Learning Loading, Practicing Patience

by Tabitha Farrar

I’m an impatient person, and I always have been. This is one of the reasons that horses are so good for me, because in order to achieve anything sustainable with a horse, one has to have patience.

Trailer loading is important to practice regularly if you have horses. Loading into a metal box that bangs and echos is a big deal for a flight animal. Yet, we need them to be able to do it. This skill isn’t just for horses that go to shows and competitions and clinics. Trailer loading is important for all horses in case we need to evacuate the property due to fire or flood. It has been on my mind since I started at Medicine Horse Program that I need to have trailer loading sessions with all our horses.

A couple of months ago, we had some new program horses arrive at Medicine Horse Program. Spirit and Noble. Spirit, before coming to MHP, had some gnarly trailer experiences. In fact, he has a scar on his face that is due to an accident that he had in a trailer a couple of years ago. As a result of this experience, Spirit was nervous about any enclosed spaces, and even around things like walking through gateways. In the last month or so, I have been working on Spirit’s trust and confidence about going through gates, in and out of barns, walking over tarps, and other obstacles. He has done really well in a short space of time, and I think that he is going to make a wonderful therapy program horse for Medicine Horse Program.

Today I decided I would trailer load Spirit.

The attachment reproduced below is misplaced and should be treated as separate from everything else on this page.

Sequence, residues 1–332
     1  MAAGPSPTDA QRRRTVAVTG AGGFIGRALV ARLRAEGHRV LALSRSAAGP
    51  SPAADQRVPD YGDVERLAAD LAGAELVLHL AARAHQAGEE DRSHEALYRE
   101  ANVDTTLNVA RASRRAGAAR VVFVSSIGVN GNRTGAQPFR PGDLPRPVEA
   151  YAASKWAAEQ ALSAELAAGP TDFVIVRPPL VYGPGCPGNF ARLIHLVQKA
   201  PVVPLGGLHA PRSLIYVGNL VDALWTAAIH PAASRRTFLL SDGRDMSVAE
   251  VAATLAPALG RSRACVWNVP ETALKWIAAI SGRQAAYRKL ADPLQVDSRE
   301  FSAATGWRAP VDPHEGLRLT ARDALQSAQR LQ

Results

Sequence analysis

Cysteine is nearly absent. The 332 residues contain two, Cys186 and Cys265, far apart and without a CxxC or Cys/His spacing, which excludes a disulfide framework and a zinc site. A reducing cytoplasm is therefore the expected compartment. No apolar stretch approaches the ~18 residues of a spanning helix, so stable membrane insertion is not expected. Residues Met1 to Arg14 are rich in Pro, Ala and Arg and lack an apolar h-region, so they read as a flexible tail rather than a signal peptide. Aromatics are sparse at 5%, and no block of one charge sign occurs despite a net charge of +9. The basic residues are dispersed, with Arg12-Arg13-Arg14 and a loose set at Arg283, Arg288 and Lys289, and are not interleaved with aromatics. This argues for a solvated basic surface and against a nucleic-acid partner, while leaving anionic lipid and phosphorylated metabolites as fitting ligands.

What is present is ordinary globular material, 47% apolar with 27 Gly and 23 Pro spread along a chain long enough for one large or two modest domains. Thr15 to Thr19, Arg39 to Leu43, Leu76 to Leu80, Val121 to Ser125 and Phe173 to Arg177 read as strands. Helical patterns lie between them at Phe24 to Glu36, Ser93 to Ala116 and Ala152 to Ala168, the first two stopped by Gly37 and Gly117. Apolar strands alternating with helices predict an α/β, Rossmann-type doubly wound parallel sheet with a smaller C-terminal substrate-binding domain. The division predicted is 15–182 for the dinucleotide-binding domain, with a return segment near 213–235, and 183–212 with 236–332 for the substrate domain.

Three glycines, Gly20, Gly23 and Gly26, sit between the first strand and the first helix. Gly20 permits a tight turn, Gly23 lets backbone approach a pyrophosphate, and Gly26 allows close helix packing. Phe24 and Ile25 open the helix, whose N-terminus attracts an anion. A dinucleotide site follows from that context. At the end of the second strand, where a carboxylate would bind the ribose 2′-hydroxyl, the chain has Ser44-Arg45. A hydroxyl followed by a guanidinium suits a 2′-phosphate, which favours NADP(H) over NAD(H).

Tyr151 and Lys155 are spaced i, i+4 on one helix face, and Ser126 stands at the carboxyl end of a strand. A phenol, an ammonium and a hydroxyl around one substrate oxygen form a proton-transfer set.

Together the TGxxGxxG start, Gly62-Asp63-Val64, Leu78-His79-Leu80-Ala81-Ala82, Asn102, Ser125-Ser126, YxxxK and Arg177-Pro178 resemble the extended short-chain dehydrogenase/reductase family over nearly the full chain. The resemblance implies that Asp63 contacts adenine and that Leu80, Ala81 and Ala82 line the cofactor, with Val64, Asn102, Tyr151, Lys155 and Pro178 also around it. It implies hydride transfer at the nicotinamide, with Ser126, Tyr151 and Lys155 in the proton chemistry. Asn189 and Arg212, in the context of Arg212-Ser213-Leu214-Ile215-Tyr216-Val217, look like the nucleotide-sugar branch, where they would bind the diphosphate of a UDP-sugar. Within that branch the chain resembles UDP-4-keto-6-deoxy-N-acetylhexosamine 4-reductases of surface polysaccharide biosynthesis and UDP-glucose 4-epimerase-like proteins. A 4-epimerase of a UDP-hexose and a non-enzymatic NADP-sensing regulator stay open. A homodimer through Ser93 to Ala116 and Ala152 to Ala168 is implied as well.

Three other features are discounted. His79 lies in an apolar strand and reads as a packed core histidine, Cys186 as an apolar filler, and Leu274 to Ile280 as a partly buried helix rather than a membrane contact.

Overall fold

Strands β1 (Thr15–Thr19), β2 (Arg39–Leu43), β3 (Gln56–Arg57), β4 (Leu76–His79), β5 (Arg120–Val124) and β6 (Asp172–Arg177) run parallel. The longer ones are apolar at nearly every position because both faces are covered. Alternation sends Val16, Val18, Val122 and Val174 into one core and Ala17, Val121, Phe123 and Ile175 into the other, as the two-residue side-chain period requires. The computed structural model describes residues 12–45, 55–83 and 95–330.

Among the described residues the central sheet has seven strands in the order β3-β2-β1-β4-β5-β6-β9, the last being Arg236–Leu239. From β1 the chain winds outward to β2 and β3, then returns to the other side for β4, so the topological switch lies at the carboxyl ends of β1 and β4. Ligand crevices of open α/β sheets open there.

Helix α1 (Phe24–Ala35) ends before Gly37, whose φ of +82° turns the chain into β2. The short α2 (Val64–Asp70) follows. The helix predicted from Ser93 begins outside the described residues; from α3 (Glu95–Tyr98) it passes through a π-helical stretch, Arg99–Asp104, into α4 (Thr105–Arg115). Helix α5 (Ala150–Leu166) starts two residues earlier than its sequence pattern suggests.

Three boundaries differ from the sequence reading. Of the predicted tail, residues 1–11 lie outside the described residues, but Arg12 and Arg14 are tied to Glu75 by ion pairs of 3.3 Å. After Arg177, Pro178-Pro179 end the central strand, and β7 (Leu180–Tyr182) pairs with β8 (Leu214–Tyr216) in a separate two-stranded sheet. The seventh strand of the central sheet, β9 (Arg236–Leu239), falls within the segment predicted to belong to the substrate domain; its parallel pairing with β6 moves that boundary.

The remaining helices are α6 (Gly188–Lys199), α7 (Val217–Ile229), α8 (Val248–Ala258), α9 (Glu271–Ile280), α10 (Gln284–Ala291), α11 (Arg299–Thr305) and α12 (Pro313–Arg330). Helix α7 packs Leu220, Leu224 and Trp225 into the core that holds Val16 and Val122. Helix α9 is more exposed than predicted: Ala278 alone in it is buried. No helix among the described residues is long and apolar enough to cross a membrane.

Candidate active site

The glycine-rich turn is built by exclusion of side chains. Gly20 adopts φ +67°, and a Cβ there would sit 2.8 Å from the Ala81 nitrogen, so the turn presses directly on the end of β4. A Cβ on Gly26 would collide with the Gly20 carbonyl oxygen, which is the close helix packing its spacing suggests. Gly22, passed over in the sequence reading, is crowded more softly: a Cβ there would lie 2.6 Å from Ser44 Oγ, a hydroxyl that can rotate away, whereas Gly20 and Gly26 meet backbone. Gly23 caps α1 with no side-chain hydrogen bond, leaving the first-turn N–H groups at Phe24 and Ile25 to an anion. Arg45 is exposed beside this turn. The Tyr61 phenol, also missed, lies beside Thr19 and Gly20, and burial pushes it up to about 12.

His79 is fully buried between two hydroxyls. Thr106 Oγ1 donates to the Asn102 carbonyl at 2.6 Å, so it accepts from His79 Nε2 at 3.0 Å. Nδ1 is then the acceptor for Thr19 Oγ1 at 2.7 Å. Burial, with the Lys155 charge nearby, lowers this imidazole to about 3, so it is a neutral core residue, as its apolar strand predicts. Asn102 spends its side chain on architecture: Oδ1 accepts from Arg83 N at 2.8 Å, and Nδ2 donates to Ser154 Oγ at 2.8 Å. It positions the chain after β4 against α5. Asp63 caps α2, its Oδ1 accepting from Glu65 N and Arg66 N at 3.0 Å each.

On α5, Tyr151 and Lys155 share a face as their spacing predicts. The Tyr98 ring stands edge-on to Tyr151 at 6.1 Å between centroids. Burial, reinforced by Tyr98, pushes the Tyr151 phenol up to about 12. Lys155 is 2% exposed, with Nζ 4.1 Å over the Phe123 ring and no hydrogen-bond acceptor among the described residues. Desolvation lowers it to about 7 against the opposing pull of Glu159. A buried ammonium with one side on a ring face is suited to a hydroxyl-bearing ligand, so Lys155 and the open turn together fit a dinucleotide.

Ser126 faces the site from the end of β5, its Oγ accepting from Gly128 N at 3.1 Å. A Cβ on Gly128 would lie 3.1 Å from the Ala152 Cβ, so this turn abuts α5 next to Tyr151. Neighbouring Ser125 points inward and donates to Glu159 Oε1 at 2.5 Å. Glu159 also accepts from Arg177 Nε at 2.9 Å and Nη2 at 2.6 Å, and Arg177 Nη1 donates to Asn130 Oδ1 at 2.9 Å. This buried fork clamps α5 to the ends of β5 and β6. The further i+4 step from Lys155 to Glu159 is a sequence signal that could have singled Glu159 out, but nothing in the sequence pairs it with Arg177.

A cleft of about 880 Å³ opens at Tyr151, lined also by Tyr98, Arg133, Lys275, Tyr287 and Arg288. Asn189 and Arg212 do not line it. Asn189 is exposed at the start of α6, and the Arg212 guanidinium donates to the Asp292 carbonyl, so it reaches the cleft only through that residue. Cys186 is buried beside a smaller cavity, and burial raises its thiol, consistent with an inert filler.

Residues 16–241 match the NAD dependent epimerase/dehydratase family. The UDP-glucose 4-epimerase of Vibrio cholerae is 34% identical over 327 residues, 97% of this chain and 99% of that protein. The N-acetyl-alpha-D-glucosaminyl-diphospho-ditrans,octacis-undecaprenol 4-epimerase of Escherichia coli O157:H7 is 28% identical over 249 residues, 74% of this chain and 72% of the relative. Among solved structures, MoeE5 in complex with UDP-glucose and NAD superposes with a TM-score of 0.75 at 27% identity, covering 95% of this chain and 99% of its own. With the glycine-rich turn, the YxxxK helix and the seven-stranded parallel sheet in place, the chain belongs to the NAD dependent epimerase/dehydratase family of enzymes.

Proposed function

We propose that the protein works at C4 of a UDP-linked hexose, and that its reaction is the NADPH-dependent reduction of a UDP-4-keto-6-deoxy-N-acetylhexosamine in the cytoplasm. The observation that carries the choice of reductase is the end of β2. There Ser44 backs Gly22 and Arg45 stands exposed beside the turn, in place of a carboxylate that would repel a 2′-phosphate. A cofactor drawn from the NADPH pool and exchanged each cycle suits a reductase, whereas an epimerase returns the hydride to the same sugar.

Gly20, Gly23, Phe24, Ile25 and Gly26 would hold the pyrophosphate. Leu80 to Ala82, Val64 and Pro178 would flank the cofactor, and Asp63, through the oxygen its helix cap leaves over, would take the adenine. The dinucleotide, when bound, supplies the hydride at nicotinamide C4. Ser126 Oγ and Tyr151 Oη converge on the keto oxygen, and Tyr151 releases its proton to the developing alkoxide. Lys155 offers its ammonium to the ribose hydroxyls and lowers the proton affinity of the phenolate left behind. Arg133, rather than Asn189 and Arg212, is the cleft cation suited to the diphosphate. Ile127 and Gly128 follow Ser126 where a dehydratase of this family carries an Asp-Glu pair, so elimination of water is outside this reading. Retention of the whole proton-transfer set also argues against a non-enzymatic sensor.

As we approached the trailer. Spirit gave me a flat “No!” The biggest “No!” he has given me over all the training challenges I have asked of him. Sure, the first time I ask him to do something new he would often give me an “Are you sure?” and would question, but this was a big old “Hell no!” He didn’t even want to go near the trailer. As soon as he saw it he ran backwards at full speed. I guess I knew then, that this wasn’t going to be a five minute training session.

I’ve been here many times before with horses. When fear can lead them to do just about anything to get away from what you are asking of them. Yet, no matter how many times I work through something like this with a horse, I always learn something about myself. I learn about what my thoughts do when I am challenge, how my brain often wants me to run away too, and that just because I have thoughts of giving up, doesn’t mean I will.

Getting Spirit onto the trailer the first time took some time. Some parts were dramatic, especially at the start, when he tried to intimidate me into giving up. Some parts were tedious, especially towards the end, where he was almost committing to me, then changing his mind due to his fear. And for me, my challenge was patience and consistency to hold the space and keep asking for his trust as he cycled through all these stages.

When I watch my thoughts in times like this, I can see my own cycle of emotions. I can watch my patience being tested. Thoughts such as: Why did I pick today to do this? This is taking longer than I thought it would. I’m hungry. It’s lunchtime. I want to go home. I should give up, this isn’t going to happen. I have too much else to do today to spend any more time here with this horse.  

It is as if my brain can be having a tantrum all of its own. But I’ve been here so many times before that I know just to let those thoughts pass. Those are just my impatient-brain thoughts. I am used to those. They don’t mean anything. Stay present. Stay calm. Breathe. Stay here, with this horse, right now, and keep asking.

And then, over forty-five minutes into the process I relaxed into and accepted the idea, that it was okay if we stayed here all day. That other things would have to wait. That I was committed. And it was okay to be here a while.

Five minutes later, Spirit was on the trailer.